Last Monday, the new report Van afvinken naar aanvonken (‘From ticking boxes to sparking the flame’) could count on a particularly miffed response from the two national student unions ISO and LSVb. In the report, the committee advised allowing research universities and universities of applied sciences to use the money from the terminated base grant for other purposes besides improving the quality of their education programmes.

The unions’ criticism is shared by outgoing Education Minister Bussemaker. In a brief letter to Parliament, the Minister emphasised that the money is intended for improving higher education. “I see no reason to deviate from this course.”

Now that the Netherlands’ base grant has been abolished, freeing up hundreds of millions of euro for research universities and universities of applied sciences, the Dutch legislative intends to make ‘quality agreements’. But what will they entail? A committee headed by the King’s Commissioner Wim van de Donk was tasked with advising government on the matter.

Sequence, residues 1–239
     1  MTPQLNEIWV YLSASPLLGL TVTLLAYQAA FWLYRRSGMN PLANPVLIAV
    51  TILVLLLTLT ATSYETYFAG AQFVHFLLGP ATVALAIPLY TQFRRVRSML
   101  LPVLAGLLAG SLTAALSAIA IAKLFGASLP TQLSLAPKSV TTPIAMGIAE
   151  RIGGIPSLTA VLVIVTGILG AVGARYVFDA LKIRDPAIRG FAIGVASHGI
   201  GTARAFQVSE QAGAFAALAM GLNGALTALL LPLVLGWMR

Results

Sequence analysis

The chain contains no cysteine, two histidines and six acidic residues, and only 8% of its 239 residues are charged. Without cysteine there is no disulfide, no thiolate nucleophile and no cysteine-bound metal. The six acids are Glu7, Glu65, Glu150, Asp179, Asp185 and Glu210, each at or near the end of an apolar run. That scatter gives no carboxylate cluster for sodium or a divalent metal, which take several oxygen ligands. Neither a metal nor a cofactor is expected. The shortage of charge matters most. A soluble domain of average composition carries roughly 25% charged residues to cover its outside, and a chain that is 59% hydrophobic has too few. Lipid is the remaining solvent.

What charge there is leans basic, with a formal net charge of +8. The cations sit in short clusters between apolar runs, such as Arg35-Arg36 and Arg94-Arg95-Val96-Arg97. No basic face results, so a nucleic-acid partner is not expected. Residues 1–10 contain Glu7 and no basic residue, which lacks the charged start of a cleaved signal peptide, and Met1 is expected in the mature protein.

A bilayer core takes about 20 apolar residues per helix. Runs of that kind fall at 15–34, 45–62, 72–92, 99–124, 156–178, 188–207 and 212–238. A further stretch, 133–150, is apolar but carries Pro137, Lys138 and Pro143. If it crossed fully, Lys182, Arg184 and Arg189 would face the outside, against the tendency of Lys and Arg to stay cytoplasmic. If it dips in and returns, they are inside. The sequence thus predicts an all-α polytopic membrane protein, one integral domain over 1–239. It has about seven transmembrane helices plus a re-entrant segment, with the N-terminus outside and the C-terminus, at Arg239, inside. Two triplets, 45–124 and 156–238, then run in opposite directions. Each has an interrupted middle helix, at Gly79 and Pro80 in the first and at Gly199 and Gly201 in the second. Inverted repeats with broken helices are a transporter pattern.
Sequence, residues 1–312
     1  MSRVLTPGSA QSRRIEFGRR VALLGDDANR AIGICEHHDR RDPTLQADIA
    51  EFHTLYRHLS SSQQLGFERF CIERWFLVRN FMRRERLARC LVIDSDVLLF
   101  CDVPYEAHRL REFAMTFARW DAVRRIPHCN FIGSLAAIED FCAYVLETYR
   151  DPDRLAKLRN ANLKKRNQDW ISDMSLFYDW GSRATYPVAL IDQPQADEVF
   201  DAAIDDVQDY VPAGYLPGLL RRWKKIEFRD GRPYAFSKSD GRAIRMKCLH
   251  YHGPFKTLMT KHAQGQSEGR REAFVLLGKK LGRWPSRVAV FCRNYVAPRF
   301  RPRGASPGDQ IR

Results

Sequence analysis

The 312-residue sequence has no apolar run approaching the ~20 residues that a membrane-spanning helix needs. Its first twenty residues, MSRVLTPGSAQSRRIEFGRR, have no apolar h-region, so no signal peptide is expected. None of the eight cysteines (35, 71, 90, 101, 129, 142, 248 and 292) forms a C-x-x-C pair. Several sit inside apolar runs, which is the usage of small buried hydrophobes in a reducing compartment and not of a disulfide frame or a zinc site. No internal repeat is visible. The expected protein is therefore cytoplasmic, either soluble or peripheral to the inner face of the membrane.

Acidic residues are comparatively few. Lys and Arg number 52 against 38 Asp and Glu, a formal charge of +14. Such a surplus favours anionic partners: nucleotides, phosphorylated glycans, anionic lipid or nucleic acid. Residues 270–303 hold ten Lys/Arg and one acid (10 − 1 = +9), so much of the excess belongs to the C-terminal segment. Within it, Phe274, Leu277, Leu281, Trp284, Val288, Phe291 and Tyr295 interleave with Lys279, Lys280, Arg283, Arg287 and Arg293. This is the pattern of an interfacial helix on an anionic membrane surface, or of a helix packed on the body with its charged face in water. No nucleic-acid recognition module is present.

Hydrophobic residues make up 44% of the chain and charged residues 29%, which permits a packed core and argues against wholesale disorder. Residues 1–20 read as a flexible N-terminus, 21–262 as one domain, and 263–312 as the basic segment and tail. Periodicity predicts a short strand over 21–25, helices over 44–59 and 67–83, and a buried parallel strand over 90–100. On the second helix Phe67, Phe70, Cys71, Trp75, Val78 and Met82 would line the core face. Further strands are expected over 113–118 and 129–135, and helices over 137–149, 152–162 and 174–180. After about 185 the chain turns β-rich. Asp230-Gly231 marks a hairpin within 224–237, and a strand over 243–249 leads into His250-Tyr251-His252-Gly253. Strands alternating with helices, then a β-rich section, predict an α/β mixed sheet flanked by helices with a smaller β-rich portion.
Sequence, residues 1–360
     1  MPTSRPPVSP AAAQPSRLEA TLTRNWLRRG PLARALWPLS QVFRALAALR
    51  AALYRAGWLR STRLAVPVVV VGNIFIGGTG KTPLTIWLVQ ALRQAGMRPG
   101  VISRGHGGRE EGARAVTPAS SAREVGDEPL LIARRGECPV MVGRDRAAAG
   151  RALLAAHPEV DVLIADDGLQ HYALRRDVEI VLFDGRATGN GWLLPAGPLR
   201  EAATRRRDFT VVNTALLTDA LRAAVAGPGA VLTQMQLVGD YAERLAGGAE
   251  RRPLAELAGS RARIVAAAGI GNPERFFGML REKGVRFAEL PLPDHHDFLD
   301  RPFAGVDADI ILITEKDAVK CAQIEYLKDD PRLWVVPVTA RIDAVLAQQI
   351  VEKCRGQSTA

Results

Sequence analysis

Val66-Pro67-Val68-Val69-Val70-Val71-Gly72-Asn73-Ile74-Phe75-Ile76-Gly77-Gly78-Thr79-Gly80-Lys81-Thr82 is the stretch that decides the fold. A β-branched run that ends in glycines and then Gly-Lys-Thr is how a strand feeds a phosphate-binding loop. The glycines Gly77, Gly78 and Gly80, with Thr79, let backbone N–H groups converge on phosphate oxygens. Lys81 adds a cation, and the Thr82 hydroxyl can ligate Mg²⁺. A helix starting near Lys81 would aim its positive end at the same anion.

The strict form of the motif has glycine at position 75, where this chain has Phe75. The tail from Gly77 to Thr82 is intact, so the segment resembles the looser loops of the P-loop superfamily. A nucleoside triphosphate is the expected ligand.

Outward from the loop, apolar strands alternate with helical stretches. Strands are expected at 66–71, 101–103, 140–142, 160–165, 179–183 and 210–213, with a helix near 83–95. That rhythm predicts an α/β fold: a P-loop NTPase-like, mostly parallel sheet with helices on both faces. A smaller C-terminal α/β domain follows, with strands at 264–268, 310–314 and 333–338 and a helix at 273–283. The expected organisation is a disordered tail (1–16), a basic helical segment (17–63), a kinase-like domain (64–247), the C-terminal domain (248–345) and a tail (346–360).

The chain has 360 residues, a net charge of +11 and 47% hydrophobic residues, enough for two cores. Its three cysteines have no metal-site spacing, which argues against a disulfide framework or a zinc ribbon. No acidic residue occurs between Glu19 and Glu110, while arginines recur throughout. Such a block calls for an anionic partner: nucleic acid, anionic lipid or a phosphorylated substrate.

Cushioning its statements in careful officialese, the committee wrote of the interrelation between education, research and valorisation. “In other words, assets that are intended for education quality can be used for a broader range of purposes than education quality alone.”

The students clearly disagree. And the research universities and universities of applied sciences also hastened to announce that they don’t plan to break any existing promises. A number of other points in the report also met with heavy criticism.

But Minister Bussemaker hasn’t committed herself any further. She applauds the committee’s work, speaking of “valuable recommendations for the elaboration of future quality agreements”. In the closing period of her office, the Minister will be preparing these quality agreements. “I will be leaving decisions on this matter to the next Cabinet”.

Performance agreements

The past few years saw an experiment with performance agreements in the higher education sector. The Dutch research universities and universities of applied sciences made agreements with the Ministry of Education about matters like students’ progress, drop-out rates in the first year and further education for academic staff. Institutions that fail to meet their agreements would be docked a share of their funding. And indeed, this has happened to six universities of applied sciences.

The Van de Donk Committee was asked to determine what we can learn from this experiment and to make recommendations for the future.